Often, we are asked what speed car seats are tested at. This will depend on the regulation to which the car seat is tested. You can read more about the differences between regulations here. Below you will find out more about crash tests.
This is an older regulation, but still current, and many seats available on the market are tested to the ECE R44 standard. This regulation has been around since the 1980s, but the current version was introduced in 2004.
R44/04 tests are carried out using a P-dummy which has 4 sensors. This dummy is put through mandatory frontal and rear testing. The frontal impact testing is conducted at 32 mph, while the rear impact testing is conducted at 18 mph.
This regulation is also commonly referred to as i-Size. This is the newer regulation, introduced in 2015. This regulation was released in 3 phases, all of which are current.
R129 tests are carried out using a Q-dummy which has 32 sensors, which is more advanced and gives us a better idea of what is happening during these crash tests. This dummy is put through mandatory frontal, rear, and side testing. The frontal testing is conducted at 32 mph, the rear testing is conducted at 18 mph, and the additional side testing is conducted at 15 mph.
Many of our Extended Rear-Facing (ERF) seats have the additional Plus Test Approval. This test is not mandatory. It is conducted at a higher speed and shorter braking distance than the European standards ECE R44 and R129 to represent a more realistic crash situation.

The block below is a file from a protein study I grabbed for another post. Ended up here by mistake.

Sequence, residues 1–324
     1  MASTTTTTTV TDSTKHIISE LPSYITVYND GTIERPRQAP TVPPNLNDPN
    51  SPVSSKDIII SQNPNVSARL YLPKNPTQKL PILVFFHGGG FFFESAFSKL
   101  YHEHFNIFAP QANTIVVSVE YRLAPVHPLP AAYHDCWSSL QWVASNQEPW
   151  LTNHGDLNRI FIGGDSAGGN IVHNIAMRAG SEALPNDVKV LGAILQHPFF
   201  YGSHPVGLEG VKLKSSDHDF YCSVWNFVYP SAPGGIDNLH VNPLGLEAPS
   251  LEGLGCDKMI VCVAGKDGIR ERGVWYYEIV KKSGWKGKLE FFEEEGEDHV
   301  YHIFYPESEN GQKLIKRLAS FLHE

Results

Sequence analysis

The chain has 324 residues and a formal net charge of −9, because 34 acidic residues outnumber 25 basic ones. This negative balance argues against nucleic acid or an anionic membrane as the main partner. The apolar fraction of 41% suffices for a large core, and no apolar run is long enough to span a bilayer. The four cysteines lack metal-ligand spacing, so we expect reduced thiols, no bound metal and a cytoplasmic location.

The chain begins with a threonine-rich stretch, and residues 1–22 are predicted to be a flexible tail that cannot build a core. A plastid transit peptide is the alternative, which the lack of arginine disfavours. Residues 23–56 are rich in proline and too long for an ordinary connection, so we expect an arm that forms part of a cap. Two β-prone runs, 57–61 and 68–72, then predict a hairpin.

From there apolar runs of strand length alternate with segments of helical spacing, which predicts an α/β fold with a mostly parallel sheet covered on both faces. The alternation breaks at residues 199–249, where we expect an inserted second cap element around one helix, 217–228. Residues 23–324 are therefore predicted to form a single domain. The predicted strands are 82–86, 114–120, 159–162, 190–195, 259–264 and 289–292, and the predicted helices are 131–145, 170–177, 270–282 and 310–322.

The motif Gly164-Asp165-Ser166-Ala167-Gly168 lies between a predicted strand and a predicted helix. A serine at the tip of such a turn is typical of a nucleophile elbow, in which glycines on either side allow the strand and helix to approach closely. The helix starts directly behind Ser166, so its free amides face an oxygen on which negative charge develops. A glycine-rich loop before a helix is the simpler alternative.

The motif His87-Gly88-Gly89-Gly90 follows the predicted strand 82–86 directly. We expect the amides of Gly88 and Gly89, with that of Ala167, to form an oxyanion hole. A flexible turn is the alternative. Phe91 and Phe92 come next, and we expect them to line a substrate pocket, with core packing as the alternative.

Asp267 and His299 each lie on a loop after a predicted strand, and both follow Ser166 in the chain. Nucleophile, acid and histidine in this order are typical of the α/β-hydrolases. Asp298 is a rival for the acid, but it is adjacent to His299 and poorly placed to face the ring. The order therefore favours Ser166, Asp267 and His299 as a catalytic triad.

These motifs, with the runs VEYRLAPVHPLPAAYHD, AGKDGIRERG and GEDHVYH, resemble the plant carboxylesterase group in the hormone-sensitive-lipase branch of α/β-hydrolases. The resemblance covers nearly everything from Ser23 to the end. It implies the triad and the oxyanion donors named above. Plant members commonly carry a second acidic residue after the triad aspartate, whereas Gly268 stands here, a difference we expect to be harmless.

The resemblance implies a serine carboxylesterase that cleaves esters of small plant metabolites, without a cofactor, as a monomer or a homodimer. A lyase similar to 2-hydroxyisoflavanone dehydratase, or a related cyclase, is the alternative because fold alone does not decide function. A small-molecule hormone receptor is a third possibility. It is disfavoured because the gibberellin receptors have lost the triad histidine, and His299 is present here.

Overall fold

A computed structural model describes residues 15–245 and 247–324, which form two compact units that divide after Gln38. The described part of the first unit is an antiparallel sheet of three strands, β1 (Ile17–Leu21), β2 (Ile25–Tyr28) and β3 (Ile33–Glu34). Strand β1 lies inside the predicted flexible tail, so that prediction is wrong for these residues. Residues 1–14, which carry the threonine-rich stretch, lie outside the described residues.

Random Selection Consumer Testing
ADAC is a vehicle insurance company that is involved in the promotion of safety and product testing, including Child Car Seats. ADAC cannot test all seats so they will be preselected based on popularity, volume of sales and novelties, such as swivel seats. ADAC use the more advanced Q-dummy and will test above the standard regulations. Their frontal testing is conducted at 40 mph and their side testing is conducted at 31 mph.
While ADAC use Q-dummies, they do not measure the neck loads on this dummy, which is why they also test forward-facing seats, and these seats will sometimes score higher than rear-facing seats. We will always recommend opting for a rear-facing option over a forward-facing option though as they are much safer. You can read more about rear-facing here.
Many of our seats are awarded ADAC scores, and we do not recommend basing your purchase on the likes of ADAC scores, but it can be a good indicator of the quality of the seat. A safe seat may be scored down for things such as how easy the instructions are to follow, or the ease of installing the seat, but that is why we are here and available to help with things like that. We recommend choosing the most suitable seat for your child and your vehicle.